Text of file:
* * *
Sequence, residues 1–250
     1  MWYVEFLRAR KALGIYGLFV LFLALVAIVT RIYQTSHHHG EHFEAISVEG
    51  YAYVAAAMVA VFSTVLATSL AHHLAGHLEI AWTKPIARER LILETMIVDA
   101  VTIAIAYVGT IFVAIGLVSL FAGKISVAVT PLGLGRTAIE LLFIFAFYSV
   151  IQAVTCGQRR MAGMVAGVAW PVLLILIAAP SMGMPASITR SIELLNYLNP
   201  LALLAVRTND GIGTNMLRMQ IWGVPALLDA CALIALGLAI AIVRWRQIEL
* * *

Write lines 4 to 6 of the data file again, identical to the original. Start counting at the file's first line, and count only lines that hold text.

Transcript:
   101  VTIAIAYVGT IFVAIGLVSL FAGKISVAVT PLGLGRTAIE LLFIFAFYSV
   151  IQAVTCGQRR MAGMVAGVAW PVLLILIAAP SMGMPASITR SIELLNYLNP
   201  LALLAVRTND GIGTNMLRMQ IWGVPALLDA CALIALGLAI AIVRWRQIEL